It’s time to get down to business. The big draw of the last episode of “Love and death” was not to see Candy sitting in front of the insufferable Judge Tom (Bruce McGill), but to discover how David E. Kelley and company describe a scene lurid by nature. In this purpose, the filmmakers of this series have not skimped on technical and aesthetic care. The confrontation between Betty and Candy is observed step by step. Of course, it is clear that she was the first who tried to attack the second, and the latter, after managing to take the ax (famous proof that would be exposed before the judge and the court) reacted almost completely unaware.
The shots are tough, apart from the blood dripping all over the crime scene, because we’re looking at two women in a completely genuine moment of despair. At the hearing, Candy explains that she was slow to realize that her former friend could actually kill her. After turning the situation around and nailing an accurate ax blow to the head of her attacker, our protagonist did not stop anymore. We are, then, facing the crudest moment throughout the seven episodes of the HBO Max miniseries.
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“I just remember being afraid that she would get up again, so I kept hitting her,” the defendant says at some point during the interrogation. But, evidently, the story does not end with the hacks and the spilled blood. After the attack and the harsh response, Candy felt the natural need to leave everything in order. Before, of course, she had to overcome disgust in the chaotic setting. So she walked to the bathroom and took a shower. And even though she felt that she was never going to be completely clean, she kept going, then went to clean up the crime scene.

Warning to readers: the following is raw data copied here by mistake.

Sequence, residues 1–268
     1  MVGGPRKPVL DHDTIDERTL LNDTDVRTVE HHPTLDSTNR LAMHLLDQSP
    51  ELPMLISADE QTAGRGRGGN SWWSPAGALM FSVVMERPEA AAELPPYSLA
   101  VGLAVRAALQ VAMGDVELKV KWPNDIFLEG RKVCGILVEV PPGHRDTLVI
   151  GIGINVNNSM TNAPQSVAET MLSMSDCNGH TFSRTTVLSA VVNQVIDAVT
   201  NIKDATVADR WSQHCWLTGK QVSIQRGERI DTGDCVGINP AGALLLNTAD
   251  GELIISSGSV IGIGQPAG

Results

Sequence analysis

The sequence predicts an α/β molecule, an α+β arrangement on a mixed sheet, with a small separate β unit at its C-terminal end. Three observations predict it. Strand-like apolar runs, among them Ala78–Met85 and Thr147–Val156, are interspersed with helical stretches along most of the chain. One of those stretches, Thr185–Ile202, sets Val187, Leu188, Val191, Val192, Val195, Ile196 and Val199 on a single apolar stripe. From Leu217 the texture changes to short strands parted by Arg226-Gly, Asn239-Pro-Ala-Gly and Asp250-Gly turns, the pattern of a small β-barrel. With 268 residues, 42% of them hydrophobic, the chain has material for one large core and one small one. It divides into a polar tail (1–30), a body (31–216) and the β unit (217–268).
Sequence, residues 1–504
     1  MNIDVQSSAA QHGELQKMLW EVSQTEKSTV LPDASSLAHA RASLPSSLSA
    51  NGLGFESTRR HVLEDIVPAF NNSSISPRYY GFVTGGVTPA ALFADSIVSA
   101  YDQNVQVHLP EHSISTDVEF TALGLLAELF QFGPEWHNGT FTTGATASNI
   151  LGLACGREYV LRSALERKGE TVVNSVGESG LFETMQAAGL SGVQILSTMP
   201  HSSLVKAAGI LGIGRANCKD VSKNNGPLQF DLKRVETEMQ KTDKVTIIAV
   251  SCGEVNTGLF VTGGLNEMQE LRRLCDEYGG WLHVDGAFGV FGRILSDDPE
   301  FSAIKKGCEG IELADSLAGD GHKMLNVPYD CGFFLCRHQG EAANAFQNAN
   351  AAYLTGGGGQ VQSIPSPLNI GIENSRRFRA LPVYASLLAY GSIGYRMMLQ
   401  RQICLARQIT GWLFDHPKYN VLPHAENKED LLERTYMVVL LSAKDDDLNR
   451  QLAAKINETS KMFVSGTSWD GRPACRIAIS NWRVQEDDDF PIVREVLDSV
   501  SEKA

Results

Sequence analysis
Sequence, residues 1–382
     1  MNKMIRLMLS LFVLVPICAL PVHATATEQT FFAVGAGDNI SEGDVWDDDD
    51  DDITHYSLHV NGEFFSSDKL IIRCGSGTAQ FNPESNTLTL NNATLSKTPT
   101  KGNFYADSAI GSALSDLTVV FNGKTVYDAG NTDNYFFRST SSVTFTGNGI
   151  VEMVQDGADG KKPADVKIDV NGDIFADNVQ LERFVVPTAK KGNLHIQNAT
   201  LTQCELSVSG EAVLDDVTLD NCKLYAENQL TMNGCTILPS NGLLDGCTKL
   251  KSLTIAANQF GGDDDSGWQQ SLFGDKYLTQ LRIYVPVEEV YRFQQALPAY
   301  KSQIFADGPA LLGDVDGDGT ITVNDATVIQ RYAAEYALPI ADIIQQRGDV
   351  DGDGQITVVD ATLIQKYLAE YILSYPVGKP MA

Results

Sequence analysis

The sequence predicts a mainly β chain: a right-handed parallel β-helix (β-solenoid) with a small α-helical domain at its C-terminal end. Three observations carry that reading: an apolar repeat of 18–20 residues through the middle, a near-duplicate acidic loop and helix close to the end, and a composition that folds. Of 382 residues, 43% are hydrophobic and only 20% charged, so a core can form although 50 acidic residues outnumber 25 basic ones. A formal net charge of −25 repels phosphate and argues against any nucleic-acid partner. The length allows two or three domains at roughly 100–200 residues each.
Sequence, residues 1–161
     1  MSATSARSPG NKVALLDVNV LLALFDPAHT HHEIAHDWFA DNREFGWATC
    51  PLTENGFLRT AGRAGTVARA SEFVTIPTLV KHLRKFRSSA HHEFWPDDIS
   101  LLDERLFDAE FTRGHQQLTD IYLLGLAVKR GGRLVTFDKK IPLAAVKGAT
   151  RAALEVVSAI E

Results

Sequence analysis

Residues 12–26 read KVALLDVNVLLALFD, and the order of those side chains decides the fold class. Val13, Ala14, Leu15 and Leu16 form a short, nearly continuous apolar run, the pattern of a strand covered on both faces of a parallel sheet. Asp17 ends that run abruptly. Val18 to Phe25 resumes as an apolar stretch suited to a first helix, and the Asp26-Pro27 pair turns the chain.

Still in shock at what happened, our protagonist had to leave the place. Outside, a girl was playing as if the world had stopped. And this is just one of the details that “Love and death” He has left us. Also, as we have already said in the comments of the previous episodes, the music (perhaps designed to promote an environment capable of tearing us away from the gloomy touch that knowing of a death like this generates in us) has a supreme value in a story like this.
“Love and death” hides a real personal drama. A woman with emotional problems does not stop being jealous of her husband, who, suffocated by what lives inside the house, ends up giving in to the suggestive proposal of her beautiful neighbor Candy. Without imagining how it would all end, they both end up becoming lovers not for something exclusively sexual, but rather become accomplices, confidants, best friends, or whatever they want to be called. When the deceived wife discovers that her great fears had a basis, that is when she decides to attack the ‘culprit’. And although Candy and Allan were no longer together at that time, nothing made Betty back down in her attempt to do justice and prevent anyone from taking what was “hers”.